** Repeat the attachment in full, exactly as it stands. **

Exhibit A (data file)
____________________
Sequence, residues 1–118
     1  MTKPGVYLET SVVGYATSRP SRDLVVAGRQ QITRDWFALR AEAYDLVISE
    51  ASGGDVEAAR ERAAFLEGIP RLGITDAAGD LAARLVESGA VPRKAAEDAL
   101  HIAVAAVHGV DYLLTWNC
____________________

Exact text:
Sequence, residues 1–118
     1  MTKPGVYLET SVVGYATSRP SRDLVVAGRQ QITRDWFALR AEAYDLVISE
    51  ASGGDVEAAR ERAAFLEGIP RLGITDAAGD LAARLVESGA VPRKAAEDAL
   101  HIAVAAVHGV DYLLTWNC